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Mystery of Agatha Christie's lost diamonds is solved

© Bonhams, EPA
Jennifer Grant next to trunk she bought in estate sale at Agatha Christie's home. Diamond jewelry belonging to the crime novelist was discovered inside.
Another Agatha Christie mystery is solved: Now we know what happened to her lost diamonds, and the lucky finder gets to keep the riches.

Fans of the best-selling novelist of all time - 2 billion books sold and counting, according to Guinness Book of World Records - are agog Friday about news that her pricey baubles, discovered in one of her antique trunks, are up for auction in London.

On Oct. 8, Bonhams will sell some $22,000 worth of Christie's jewelry, including a diamond brooch and a three-stone diamond ring dating from the 19th century.

Long thought to be lost, the story of how the jewels were found is as twisty as some of Christie's addictive crime novels.

An Englishwoman and devoted Christie fan, Jennifer Grant, who will be the recipient of at least a portion of the proceeds from the sale, went to Greenway, Christie's beloved home in Devon, for an estate sale in 2006. There, she paid about $170 for an old travelling trunk that had belonged to Christie's mother. When she got it home, she found it contained a locked strongbox bolted to the base of the trunk.


A history of Washington's secret agendas

© Stephen Kinzer
One might think that by now even Americans would have caught on to the constant stream of false alarms that Washington sounds in order to deceive the people into supporting its hidden agendas.

The public fell for the lie that the Taliban in Afghanistan are terrorists allied with al Qaeda. Americans fought a war for 13 years that enriched Dick Cheney's firm, Halliburton, and other private interests only to end in another Washington failure.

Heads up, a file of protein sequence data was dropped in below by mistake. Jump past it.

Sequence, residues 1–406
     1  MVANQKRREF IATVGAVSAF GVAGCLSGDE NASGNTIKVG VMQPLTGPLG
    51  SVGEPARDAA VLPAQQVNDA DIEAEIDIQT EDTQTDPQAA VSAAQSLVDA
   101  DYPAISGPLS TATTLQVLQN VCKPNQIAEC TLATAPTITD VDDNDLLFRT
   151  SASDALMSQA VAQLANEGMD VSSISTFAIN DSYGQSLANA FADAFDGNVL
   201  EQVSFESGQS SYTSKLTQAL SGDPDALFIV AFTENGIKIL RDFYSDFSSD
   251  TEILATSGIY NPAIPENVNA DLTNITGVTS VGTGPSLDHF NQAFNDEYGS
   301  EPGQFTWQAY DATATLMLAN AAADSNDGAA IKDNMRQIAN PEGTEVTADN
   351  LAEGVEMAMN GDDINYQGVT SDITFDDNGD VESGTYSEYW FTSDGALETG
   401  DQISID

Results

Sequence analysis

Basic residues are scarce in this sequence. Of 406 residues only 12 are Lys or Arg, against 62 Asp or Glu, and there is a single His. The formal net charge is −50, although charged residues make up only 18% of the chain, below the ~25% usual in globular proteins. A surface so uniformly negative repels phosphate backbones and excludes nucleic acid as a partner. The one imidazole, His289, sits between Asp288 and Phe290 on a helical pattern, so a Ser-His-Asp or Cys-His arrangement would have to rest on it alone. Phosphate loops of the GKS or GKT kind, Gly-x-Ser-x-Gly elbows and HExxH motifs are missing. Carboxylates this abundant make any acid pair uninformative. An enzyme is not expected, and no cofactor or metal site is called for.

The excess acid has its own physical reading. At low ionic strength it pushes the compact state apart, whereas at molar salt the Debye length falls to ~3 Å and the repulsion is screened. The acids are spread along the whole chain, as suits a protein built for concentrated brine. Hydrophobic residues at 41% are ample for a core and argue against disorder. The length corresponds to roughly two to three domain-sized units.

The public fell for the lie that Saddam Hussein in Iraq had "weapons of mass destruction" that were a threat to America and that if the US did not invade Iraq Americans risked a "mushroom cloud going up over an American city." With the rise of ISIS, this long war apparently is far from over. Billions of dollars more in profits will pour into the coffers of the US military security complex as Washington fights those who are redrawing the false Middle East boundaries created by the British and French after WW I when the British and French seized territories of the former Ottoman Empire.

The American public fell for the lies told about Gaddafi in Libya. The formerly stable and prosperous country is now in chaos.

The American public fell for the lie that Iran has, or is building, nuclear weapons. Sanctioned and reviled by the West, Iran has shifted toward an Eastern orientation, thereby removing a principal oil producer from Western influence.

The public fell for the lie that Assad of Syria used "chemical weapons against his own people." The jihadists that Washington sent to overthrow Assad have turned out to be, according to Washington's propaganda, a threat to America.

The greatest threat to the world is Washington's insistence on its hegemony. The ideology of a handful of neoconservatives is the basis for this insistence. We face the situation in which a handful of American neoconservative psychopaths claim to determine the fate of countries.

Many still believe Washington's lies, but increasingly the world sees Washington as the greatest threat to peace and life on earth. The claim that America is "exceptional and indispensable" is used to justify Washington's right to dictate to other countries.

The casualties of Washington's bombings are invariably civilians, and the deaths will produce more recruits for ISIS. Already there are calls for Washington to reintroduce "boots on the ground" in Iraq. Otherwise, Western civilization is doomed, and our heads will be cut off. The newly created propaganda of a "Russian threat" requires more NATO spending and more military bases on Russia's borders. A "quick reaction force" is being created to respond to a nonexistent threat of a Russian invasion of the Baltics, Poland, and Europe.

Usually it takes the American public a year, or two, three, or four to realize that it has been deceived by lies and propaganda, but by that time the public has swallowed a new set of lies and propaganda and is all concerned about the latest "threat." The American public seems incapable of understanding that just as the first, second, third, fourth, and fifth, threat was a hoax, so is the sixth threat, and so will be the seventh, eighth, and ninth.


Oregon may be the oldest site of human habitation in the Americas

A network of caves in rural Oregon may be the oldest site of human habitation in the Americas, suggesting an ancient human population reached what is now the United States at the end of the last Ice Age, Oregon officials said on Friday.